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Housing is one of people's most basic needs. Yet it is a need that the 26 county state [1] has consistently failed to supply to a significant number of its people. It seems that the Irish housing crisis is permanent, becoming more severe from time to time, but never disappearing. Despite the Celtic Tiger economy and the building boom, waiting lists for social housing continue to lengthen. Over 37,000 people are currently waiting. Are we to believe that this lack of housing is inevitable, that it is impossible to build houses quickly enough to satisfy the demand?

Lisbon Referendum & the development of the European Union

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One of the great problems that people encounter in making up their minds about the Lisbon treaty is that, depending on who you talk to, the treaty can appear to be an altogether different thing. According to those who are campaigning for a Yes vote, it merely serves to tidy up the existing European treaties, with a few changes to allow the EU to function more efficiently.

Anti-Imperalism - Thinking about Anarchism

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Imperialism, in its most basic form involves wealthy and powerful governments using their military power to invade poorer parts of the world in order to impose their control upon them. There isn’t the space to go into all aspects of imperialism here, so I’m concentrating on the military form.

Debate on 2003 Iraq war

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In Workers Solidarity, No 76 August 2003, we published an article under the title "Iraq war aftermath: slaughtering democracy" by Chekov Feeney. We received a reply to this from R. Knife, an (Iraqi) Kurd living in Ireland. Unfortunately it is to long too print in full in the printed version of the paper but you can read the full text below. We also print a response from Chekov. [WSM material on the Iraq War]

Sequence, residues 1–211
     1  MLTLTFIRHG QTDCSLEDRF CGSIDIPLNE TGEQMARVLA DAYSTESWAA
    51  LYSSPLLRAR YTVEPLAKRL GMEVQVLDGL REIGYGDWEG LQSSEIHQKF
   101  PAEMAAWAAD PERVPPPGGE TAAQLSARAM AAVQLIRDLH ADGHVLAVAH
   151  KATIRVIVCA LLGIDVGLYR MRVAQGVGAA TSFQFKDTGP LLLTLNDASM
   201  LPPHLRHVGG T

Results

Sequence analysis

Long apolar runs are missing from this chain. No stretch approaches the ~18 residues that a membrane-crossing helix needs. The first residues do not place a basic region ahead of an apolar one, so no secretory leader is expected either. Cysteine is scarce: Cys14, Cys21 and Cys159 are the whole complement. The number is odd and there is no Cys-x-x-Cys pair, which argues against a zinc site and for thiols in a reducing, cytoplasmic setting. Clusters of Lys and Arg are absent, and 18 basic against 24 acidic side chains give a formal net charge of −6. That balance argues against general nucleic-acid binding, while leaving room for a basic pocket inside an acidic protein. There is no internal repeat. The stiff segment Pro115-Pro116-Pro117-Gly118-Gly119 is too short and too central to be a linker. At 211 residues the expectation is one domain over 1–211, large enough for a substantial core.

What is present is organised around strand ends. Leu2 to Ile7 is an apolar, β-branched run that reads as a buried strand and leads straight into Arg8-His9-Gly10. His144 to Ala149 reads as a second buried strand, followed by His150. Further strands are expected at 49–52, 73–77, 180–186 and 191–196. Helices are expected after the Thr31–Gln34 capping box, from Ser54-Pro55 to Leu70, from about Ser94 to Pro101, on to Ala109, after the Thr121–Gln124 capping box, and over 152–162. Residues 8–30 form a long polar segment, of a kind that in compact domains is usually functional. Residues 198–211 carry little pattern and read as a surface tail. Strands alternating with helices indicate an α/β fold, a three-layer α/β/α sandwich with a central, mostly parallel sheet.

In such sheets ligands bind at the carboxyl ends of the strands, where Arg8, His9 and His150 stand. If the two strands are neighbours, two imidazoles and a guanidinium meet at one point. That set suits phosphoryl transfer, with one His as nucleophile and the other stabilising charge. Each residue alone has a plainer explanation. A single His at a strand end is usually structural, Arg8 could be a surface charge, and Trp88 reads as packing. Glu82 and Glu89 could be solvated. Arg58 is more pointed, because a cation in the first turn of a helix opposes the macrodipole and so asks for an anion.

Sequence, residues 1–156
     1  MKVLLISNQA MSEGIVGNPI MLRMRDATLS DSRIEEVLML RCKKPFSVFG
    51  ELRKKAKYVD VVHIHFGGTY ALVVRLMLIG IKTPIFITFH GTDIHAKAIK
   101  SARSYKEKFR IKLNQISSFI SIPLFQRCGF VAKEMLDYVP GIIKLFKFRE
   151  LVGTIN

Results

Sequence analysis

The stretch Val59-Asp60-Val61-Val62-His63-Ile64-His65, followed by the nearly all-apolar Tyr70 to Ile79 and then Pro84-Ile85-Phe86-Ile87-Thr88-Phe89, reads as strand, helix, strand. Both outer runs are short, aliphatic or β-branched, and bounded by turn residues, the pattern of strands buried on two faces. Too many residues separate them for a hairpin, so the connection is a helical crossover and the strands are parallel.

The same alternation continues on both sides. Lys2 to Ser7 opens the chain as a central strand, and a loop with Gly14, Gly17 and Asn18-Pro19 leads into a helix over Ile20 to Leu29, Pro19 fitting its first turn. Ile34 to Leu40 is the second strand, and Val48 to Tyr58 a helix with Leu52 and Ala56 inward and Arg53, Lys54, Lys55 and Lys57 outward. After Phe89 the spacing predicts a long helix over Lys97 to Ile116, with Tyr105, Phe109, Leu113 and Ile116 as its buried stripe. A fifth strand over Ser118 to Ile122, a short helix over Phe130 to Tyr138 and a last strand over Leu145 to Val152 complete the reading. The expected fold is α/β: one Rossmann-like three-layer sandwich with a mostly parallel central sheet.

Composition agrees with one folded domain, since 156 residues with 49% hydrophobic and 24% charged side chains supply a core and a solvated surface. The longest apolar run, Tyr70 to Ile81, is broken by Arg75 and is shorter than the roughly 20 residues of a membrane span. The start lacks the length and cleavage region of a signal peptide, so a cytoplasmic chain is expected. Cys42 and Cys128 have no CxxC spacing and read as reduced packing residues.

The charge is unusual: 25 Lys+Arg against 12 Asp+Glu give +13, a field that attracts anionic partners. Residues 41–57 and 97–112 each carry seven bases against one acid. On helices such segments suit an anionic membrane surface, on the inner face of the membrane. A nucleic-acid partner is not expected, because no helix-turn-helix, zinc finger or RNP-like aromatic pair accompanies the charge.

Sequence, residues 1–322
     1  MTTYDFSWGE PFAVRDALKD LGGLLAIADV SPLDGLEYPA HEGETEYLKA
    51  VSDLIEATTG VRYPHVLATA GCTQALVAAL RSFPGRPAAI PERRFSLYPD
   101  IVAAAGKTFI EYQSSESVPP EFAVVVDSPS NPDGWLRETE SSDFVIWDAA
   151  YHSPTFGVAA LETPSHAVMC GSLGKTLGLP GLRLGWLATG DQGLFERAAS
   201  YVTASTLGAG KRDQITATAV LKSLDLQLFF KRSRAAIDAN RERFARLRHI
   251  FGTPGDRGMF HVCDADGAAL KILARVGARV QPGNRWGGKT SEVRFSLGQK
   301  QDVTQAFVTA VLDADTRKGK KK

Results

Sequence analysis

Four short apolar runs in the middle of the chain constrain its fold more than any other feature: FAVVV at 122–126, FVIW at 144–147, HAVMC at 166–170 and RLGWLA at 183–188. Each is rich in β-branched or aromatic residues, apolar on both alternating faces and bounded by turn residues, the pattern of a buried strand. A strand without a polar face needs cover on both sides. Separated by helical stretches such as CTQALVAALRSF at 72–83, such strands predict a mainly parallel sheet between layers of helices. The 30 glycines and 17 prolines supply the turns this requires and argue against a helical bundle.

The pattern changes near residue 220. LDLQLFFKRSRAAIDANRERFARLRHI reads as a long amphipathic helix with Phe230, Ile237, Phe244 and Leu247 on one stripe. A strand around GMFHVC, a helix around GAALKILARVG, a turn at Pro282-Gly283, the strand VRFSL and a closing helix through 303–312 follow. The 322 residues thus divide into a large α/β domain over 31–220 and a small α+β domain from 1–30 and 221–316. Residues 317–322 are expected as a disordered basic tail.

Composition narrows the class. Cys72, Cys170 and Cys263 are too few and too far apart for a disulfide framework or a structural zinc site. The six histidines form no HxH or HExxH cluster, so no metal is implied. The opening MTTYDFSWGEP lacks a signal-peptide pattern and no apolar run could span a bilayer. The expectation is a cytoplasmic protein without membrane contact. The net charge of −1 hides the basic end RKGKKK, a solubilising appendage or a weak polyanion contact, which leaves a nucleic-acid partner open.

Charles Taylor & Liberia 2003 - a history of US intervention

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Every so often the newspapers fill with stories of a crisis in some third world country. We see pictures on our screens of gunmen, starvation and suffering; inevitably we hear calls for humanitarian intervention. Over the summer, we were told of a crisis in Liberia. A brutal civil war, a corrupt leader, child soldiers, starving civilians: it seemed that the whole world was crying out for intervention by the US or UN.

Iraq war aftermath - Slaughtering democracy

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While most people understand the word democracy to mean that the people hold power, there is another meaning. According to the second meaning of the word, democracy means that the super-rich make all of the decisions while the people's job is to do what they're told, and to put a piece of paper in a box every few years. This 'democracy' is extremely hostile to any notions of popular involvement in politics. The US/UK war against Iraq, trumpeted as a war for 'democracy', illustrates what this 'democracy' means in practice.